Memoir

If reading about other people’s nonfiction lives is more your style, here are a few that should grab your attention.

The Rules Do Not Apply by Ariel Levy

“When Ariel Levy left for a reporting trip to Mongolia in 2012, she was pregnant, married, financially secure, and successful on her own terms. A month later, none of that was true.” Such is how Amazon introduces the description for the memoir by The New Yorker’s Levy, who will take you on a whirlwind journey through her life in a book whose colorful cover will be perfect for Instagram.

 

 

Hungry Heart: Adventures in Life, Love, and Writing by Jennifer Weiner

Philadelphia’s Weiner is one of those novelists who you often feel is talking with you as a friend rather than an author. And her set of essays is no different. Honest and hilarious, Weiner shares intimate stories about her life in ways that will feel like you’re sitting at brunch with her talking about sex and body issues over mimosas. Though, I’ll be honest, her middle-grade book The Littlest Bigfoot is a joy to read as well, even if you’re not the intended 8- to 10-year-old audience.

Schadenfreude by Rebecca Schuman

The first book by Slate columnist Schuman is described by the Jewish Book Council as “vivid and rollicking” as she takes the reader through various stages of her life. It also boasts an abnormally long subtitle (Me, the Germans, and 20 Years of Attempted Transformations, Unfortunate Miscommunications, and Humiliating Situations That Only They Have Words For) and promises a fun and funny read that plays with language and will be perfect for your summer vacation.

Nonfiction

There are also plenty of nonfiction and even academic books that are attention-grabbing. Here are a few:

Ordinary People: Extraordinary Lessons — Leadership Insights from Everyday Encounters by Karen Friedman

Former 6ABC Action News reporter Karen Friedman’s column in the Philadelphia Business Journal, Perspective on People, provided inspiration for Ordinary People (anyone else singing John Legend?), a compilation of anecdotal lessons from everyday life. Learn about different people and how varied perspectives can change the way we see everyday moments.

 

Skewed: A Critical Thinker’s Guide to Media Bias by Larry Atkins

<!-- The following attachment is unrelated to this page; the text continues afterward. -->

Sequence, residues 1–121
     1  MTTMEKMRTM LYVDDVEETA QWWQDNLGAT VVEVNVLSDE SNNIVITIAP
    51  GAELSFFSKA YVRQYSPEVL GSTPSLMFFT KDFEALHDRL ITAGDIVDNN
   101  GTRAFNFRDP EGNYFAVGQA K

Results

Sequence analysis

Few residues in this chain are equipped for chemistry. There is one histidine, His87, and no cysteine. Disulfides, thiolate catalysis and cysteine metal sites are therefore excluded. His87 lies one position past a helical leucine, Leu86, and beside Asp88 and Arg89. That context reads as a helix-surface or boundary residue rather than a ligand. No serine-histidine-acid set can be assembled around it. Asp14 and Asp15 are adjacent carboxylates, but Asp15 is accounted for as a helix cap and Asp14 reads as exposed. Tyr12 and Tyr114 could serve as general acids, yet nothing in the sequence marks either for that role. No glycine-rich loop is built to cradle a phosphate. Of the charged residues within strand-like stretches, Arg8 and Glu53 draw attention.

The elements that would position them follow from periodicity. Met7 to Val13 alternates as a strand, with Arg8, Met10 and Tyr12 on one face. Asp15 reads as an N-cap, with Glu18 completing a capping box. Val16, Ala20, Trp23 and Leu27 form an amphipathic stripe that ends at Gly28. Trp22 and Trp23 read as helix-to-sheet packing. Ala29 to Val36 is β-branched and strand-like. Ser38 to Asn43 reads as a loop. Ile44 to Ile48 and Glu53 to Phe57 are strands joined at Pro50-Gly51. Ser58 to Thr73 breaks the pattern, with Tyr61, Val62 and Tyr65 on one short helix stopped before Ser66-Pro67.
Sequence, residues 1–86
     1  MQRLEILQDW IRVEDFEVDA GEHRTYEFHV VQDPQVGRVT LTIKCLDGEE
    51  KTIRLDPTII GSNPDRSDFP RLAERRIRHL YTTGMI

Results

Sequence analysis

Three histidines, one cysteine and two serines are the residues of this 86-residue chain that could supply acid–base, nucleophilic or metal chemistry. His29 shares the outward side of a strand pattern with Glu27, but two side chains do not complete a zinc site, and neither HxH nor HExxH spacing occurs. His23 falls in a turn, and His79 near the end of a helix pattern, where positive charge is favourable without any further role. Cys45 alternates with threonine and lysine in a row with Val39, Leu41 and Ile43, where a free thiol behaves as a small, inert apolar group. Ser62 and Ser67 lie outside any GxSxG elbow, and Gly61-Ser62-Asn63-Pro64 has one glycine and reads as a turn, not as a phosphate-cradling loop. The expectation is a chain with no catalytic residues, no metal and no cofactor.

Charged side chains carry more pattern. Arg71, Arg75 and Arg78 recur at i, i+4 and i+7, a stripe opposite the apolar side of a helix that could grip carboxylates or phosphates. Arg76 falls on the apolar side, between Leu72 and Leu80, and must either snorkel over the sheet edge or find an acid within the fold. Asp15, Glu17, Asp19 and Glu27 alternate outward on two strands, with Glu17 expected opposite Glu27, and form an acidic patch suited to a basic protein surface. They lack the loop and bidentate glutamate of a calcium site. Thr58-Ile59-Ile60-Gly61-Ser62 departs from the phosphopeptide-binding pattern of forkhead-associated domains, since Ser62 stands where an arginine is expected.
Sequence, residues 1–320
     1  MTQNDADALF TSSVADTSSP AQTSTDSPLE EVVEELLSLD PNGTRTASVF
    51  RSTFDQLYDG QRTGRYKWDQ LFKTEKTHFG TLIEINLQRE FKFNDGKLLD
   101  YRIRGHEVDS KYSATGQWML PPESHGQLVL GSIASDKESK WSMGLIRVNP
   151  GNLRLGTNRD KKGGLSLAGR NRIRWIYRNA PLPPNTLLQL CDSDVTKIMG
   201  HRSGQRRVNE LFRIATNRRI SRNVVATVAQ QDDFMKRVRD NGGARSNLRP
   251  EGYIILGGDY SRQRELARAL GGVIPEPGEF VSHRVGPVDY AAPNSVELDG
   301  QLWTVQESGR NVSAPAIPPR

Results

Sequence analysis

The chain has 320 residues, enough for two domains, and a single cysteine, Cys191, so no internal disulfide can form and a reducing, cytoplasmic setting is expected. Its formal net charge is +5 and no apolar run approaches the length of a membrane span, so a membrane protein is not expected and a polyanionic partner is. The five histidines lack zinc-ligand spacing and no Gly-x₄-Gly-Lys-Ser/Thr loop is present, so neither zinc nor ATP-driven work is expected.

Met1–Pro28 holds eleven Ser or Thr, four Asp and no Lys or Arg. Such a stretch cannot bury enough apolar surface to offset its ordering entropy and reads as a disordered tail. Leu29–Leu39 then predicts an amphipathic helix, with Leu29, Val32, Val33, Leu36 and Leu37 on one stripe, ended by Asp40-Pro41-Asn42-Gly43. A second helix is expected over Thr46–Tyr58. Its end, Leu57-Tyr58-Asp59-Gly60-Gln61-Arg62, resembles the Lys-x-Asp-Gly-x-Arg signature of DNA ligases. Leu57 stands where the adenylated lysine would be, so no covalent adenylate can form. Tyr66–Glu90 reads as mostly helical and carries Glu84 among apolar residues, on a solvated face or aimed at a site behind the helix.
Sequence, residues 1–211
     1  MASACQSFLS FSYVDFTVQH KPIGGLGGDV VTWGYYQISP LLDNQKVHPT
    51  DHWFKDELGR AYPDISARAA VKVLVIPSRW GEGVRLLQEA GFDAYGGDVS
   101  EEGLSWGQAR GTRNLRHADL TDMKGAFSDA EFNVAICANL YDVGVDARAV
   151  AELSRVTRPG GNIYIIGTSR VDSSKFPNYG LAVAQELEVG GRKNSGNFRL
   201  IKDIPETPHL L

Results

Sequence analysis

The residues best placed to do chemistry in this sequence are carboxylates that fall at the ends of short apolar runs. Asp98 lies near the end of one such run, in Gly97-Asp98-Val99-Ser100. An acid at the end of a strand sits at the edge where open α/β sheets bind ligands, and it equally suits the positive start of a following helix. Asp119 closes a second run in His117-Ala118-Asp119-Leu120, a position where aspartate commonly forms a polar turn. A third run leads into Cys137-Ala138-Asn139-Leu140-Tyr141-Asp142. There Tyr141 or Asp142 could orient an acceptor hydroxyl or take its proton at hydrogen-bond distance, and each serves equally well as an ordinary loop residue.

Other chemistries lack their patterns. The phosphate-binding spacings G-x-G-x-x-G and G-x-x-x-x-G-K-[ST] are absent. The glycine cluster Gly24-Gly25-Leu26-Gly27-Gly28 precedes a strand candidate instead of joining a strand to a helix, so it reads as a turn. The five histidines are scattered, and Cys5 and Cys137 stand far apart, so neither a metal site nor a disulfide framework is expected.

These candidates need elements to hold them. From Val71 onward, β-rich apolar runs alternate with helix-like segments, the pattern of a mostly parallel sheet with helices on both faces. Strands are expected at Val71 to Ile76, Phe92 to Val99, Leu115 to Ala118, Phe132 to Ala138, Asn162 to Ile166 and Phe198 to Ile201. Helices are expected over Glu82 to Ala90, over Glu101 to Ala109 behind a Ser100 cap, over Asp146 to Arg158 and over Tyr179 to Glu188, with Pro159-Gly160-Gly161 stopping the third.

In the age of fake news (unlike this article), getting news from myriad avenues and advocacy news networks pushing competing points of view, Atkins — a Jewish journalism professor at Temple University and Arcadia University — shows you how to separate the facts, give you the tools to critique the media and see both sides of an issue.

Taking Sides: Clashing Views in Lifespan Development, 6th edition edited by Dr. Allison Buskirk-Cohen

OK, so a textbook may not be the first type you think of when packing your beach bag, but Buskirk-Cohen, chair of Delaware Valley University’s psychology department and member of Shir Ami in Newtown, is sure to open your mind. The textbook presents readers with two different perspectives on controversial issues related to lifespan development. One such issue that may grab your attention is religion in early adulthood and looking at whether religion and spirituality mean the same thing to today’s college students.

Jews, Gentiles, and Other Animals: The Talmud After the Humanities by Mira Beth Wasserman

Rabbi Wasserman, a professor at the Reconstructionist Rabbinical College, delves into the Avoda Zara, “arguably the Talmud’s most scandalous tractate, to uncover the hidden architecture of this classic work of Jewish religious thought.” Again, not exactly a beach read, but Wasserman proposes a new way of reading the Talmud that ties it to the humanities.

Happy reading!